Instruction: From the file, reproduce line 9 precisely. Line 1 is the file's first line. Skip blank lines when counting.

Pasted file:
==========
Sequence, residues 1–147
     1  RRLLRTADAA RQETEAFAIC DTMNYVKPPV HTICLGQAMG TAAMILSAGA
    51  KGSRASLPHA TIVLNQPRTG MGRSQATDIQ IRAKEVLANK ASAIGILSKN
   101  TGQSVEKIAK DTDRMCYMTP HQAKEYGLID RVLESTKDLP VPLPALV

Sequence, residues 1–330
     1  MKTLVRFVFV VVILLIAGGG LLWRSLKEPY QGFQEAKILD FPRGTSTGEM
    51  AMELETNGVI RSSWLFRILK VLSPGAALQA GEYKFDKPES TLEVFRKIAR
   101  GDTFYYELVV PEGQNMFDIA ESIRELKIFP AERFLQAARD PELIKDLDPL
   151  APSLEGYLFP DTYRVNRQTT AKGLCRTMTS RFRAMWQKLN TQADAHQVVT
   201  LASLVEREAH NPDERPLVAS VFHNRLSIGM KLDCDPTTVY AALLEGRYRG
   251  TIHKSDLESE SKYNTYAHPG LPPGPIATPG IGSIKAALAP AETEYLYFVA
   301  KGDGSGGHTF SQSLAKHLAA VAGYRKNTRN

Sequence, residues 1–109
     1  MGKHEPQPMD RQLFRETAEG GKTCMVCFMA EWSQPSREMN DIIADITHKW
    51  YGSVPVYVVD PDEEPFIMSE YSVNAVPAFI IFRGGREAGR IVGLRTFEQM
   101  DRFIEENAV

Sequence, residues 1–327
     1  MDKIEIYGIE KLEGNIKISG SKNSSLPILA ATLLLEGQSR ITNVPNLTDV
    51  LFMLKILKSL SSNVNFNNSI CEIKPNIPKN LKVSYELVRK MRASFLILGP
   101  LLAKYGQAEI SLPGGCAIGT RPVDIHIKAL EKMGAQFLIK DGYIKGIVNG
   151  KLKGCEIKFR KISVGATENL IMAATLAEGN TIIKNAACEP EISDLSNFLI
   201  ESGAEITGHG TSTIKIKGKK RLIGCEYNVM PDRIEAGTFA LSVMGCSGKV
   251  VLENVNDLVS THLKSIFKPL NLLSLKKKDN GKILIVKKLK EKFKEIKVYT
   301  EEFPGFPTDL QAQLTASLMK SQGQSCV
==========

   151  APSLEGYLFP DTYRVNRQTT AKGLCRTMTS RFRAMWQKLN TQADAHQVVT